The world has been awake to the threat of cyber crime – hacking, theft, ransomware, ID theft etc – for some years now. And governments are playing their part, with most countries now taking a more aggressive approach not only to detection and enforcement, but also by mandating the organisations protect themselves in the right ways.
The UK government took another step in this effort at the end of 2021 when it introduced the Telecommunications (Security) Act which aims to tighten up governance of data handling, particularly in the telecoms sector. The new Act puts “Much stronger legal duties on public telecoms providers to defend their networks from cyber threats which could cause network failure or the theft of sensitive data.”
Under the new law, telecoms will be required to:
- protect data stored by their networks and services, and secure the critical functions which allow them to be operated and managed;
- protect tools which monitor and analyse their networks and services against access from hostile state actors;
- monitor public networks to identify potentially dangerous activity and have a deep understanding of their security risks, reporting regularly to internal boards; and
- take account of supply chain risks, and understand and control who has the ability to access and make changes to the operation of their networks and services.
As part of the drive to improve cyber security, the government has also launched a public consultation on draft regulations, which outline the measures telecoms providers would need to take to fulfil their duties under the act. It will also lead to the development of a draft code of practice, which focuses on how providers can comply with the regulations.
What does this mean for ordinary businesses? Principally it should mean a significant reduction in the risk around cyber theft across digital communication channels. Indeed, as Digital Infrastructure Minister Julia Lopez says, “Broadband and mobile networks are crucial to life in Britain and that makes them a prime target for cyber criminals. Our proposals will embed the highest security standards in our telecoms industry with heavy fines for any companies failing in their duties.”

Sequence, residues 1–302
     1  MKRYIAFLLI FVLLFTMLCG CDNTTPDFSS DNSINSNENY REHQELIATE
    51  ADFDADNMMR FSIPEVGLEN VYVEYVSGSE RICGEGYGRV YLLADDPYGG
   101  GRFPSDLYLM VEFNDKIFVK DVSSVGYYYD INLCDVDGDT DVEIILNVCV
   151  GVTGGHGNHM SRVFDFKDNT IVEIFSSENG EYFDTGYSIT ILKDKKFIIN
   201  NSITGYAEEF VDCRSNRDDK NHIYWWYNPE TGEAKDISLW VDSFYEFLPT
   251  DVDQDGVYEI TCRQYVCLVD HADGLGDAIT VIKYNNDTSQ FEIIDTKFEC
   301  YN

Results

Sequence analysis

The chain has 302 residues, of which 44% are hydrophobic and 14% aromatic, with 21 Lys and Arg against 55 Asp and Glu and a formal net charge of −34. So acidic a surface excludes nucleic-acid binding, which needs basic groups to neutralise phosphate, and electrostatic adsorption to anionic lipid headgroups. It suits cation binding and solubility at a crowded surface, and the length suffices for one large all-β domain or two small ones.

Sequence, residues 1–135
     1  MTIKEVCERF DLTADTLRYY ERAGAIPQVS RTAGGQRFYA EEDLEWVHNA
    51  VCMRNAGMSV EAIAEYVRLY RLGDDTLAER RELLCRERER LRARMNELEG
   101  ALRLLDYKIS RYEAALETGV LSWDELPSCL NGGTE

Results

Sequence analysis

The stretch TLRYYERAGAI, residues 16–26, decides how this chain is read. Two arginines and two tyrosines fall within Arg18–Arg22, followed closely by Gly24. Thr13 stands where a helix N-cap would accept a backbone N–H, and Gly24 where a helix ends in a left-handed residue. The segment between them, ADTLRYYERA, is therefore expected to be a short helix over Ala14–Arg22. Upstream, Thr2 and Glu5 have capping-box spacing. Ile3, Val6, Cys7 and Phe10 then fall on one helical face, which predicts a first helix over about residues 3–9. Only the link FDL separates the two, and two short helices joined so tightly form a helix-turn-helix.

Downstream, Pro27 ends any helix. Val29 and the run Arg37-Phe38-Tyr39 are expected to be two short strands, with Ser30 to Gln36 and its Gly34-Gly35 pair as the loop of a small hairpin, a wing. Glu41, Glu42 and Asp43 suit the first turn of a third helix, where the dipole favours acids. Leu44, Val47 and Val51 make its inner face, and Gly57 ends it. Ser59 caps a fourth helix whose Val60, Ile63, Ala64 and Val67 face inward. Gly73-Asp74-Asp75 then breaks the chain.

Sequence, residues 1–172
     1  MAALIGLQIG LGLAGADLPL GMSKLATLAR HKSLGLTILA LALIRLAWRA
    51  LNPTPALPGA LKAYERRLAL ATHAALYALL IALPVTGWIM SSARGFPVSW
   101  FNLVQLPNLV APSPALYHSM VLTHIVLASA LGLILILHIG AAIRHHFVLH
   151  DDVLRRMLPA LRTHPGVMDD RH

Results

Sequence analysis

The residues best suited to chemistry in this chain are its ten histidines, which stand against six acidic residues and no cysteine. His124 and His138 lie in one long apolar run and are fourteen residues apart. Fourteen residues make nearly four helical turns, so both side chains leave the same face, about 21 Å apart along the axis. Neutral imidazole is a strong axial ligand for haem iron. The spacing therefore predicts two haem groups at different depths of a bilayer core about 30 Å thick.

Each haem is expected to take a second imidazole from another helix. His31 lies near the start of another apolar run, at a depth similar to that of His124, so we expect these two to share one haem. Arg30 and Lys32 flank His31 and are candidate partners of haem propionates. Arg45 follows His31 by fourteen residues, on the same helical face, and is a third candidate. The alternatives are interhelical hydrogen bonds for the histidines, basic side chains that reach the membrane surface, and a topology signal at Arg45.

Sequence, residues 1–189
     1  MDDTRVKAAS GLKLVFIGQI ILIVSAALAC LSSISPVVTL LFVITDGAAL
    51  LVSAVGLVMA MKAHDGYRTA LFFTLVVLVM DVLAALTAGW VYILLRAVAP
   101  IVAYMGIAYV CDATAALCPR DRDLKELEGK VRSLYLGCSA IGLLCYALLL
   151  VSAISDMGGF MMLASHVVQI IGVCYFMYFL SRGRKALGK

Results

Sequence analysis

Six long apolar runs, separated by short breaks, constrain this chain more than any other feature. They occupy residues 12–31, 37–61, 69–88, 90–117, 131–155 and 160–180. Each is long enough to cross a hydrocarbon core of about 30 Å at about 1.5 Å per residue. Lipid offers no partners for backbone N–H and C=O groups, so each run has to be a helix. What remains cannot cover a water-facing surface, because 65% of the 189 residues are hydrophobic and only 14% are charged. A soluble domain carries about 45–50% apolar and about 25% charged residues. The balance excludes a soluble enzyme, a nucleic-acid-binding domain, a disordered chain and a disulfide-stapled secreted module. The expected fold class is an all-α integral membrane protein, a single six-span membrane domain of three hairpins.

Cyber security is a serious issue for businesses of all sizes, so it’s encouraging to see more action being taken to shore up some of the obvious vulnerabilities that currently exist.
There are some basic steps that companies can take to protect themselves.
1. Check your permissions: Make sure you have rules in place on your system to ensure you’ve got the right levels of permission in place for your employees. For instance, don’t just give junior staff the ability to change bank details without a second authorization.
It’s not unusual in smaller business for a system where ‘everyone can do everything’; and that’s where a junior employee can end up changing things on the system without the financial controller even being aware of it..
2. Get social: Scammers are increasingly turning to social media to glean information about companies and their staff. Get a name and job title and it’s a short step to getting a phone number and calling up with a vishing scam.
You should ask staff to be circumspect in terms of the information they make public on their profiles, while it might also help to make key staff aware they’re more likely to be a target, particularly if they work in finance.
3. Put a name to the face: Try to make sure you have a named contact at every supplier – not just the company name. So when dealing with a supplier, make sure you know who handles accounts: that way you can form a personal relationship. Any call about an invoice or a change in bank details should therefore be from your named contact
Protecting yourself doesn’t have to cost thousands. Good housekeeping and effective systems require buy in from everyone and – where necessary – getting the right external help. We’re right here for all your needs, and you can contact us for help and support in a number of areas, from tax and payroll to accounting and banking.